Paul's imprisonment had been the result of a tumult of the people. His cause had not been tried. The decemvirs having, like other Roman magistrates, but little leaning to religious fanaticism, now send their lictors to bring the Apostles out of the prison. But Paul protests indignantly against the unlawful treatment they have received. He boldly declares himself a Roman citizen—a name which, according to Cicero, casts a shield of protection over all who could use it to the uttermost parts of the world, and even in the midst of barbarous nations.112112"Illa vox et imploratio: Civis Romanus sum! sæpe multis in ultimis terris opem inter barbaros et salutem tulit." The Porcia lex forbade the beating with rods of a Roman citizen. The magistrates, alarmed at such a message, came themselves to release the Apostles; and we learn from the example of Paul on this occasion to rise above the narrow and petty notions which interdict Christians from boldly asserting their rights as citizens. Such views tend, in their practical issue, to sap the whole divine basis of society.
Paul left at Philippi a Church which had received the baptism of persecution, and which was strengthened in its attachment to his person by witnessing his courageous endurance of suffering.
Of this attachment the Philippian Church soon gave him touching proof, by sending generous aid to him at Thessalonica, whither he had gone to carry the Gospel. Phil. iv, 16. He had hastily passed through Amphipolis and Apollonia in order to reach this important city. It had been built by Cassander, who had given to it the name of his wife. Standing at the base of a mountain, not far from the sea, it was the capital of the second district of the province of Macedonia. It had become very flourishing under the Romans, especially by its commerce, and the Jews, who had flocked to it in large numbers, had there built a synagogue. Paul preached the Gospel to them three Sabbath days, and some of them believed, and consorted with the Apostle. But the preaching was much more successful among the Greeks. Paul, in his first Epistle to the Thessalonians, gives an admirable account of his mission among them. He came to them, as we there see, still bearing in body and spirit the wounds he had received at Philippi. 1 Thess. ii, 2. The fanatical Jews at Thessalonica soon again kindled the flame of persecution against him, and it was evident he would find no respite or peace. In the midst of many conflicts, therefore, his ministry was accomplished; but his courage never faltered, and the power of God was magnified in his servant's weakness. 1 Thess. i, 5. Enfeebled by suffering, he yet proves irresistible in his arguments with the unbelieving Jews. But his own experience of much affliction has given a deepened gentleness to his ministry, and full of tenderness for souls scarcely escaped out of heathen darkness, he cherishes them "even as a nurse her children." 1 Thess. ii, 7. He finds in these Thessalonians much readiness to receive the truth, and a childlike enthusiasm for the new religion, very beautiful, and productive of the happiest results while restrained within bounds by his presence, but dangerously akin to fanaticism. Hence the earnest warnings in his Epistles to the new converts not to neglect the fulfillment of their daily duties, in undue impatience of all the trammels of earthly life.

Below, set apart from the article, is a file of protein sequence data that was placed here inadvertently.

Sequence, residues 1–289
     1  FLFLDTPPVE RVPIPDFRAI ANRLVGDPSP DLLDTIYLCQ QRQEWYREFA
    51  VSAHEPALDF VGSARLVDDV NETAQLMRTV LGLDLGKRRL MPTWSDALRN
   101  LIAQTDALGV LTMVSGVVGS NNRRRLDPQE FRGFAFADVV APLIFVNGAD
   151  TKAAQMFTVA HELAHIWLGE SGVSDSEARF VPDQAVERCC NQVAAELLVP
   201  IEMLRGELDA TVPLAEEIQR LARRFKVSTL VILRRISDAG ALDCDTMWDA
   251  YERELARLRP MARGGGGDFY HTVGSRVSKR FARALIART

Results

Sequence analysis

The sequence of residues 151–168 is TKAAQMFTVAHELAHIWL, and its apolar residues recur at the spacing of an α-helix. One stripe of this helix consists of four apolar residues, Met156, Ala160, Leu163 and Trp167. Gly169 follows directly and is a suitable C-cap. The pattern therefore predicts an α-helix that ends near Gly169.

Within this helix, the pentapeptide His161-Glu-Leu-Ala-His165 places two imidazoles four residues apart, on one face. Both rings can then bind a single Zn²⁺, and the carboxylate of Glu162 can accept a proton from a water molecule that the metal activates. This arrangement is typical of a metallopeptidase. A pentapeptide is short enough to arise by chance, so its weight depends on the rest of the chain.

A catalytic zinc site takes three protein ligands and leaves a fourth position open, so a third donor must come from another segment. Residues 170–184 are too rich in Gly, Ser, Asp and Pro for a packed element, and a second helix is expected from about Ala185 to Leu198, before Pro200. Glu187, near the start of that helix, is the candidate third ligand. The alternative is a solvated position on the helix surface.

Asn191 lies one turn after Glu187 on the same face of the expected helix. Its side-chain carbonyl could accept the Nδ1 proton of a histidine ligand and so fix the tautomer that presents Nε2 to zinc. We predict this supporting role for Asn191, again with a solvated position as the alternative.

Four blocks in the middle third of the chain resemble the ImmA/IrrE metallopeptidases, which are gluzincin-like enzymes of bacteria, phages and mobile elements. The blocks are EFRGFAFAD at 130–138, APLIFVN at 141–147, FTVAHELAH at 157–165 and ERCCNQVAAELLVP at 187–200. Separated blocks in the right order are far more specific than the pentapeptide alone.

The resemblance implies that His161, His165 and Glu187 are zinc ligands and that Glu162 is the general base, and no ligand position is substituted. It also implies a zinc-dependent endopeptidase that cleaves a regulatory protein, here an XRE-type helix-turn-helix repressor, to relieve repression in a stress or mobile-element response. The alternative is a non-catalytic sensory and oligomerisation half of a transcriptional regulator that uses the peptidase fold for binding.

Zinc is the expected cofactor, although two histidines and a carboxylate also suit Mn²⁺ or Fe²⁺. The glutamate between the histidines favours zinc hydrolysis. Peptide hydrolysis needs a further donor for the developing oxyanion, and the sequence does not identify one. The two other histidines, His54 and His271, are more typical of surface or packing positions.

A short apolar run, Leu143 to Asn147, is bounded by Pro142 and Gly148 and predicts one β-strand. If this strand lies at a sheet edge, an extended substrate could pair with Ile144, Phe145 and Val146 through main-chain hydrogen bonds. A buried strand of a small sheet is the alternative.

These ardent young Christians displayed heroic courage in the conflict stirred up by the Jews. 1 Thess. i, 6. Paul was probably led by the persecutions which burst so rapidly upon this newly-formed Church to dwell much on the glorious issues of Christianity, the triumph of the Lord, and his near return. 1 Thess. i, 10.
It was, indeed, a terrible storm which broke over the Church at Thessalonica. Paul's implacable adversaries hired men of low character, who by their calumnies of the Apostle set all the city in an uproar. Wresting the words he had spoken with reference to the kingdom of Christ and his speedy coming to reign, (Acts xvii, 7,) they accused him before the Praetor of conspiring against Cæsar. They thus took advantage at once of the Roman law, and of the passions of the people—a cunning proceeding which proved only too successful.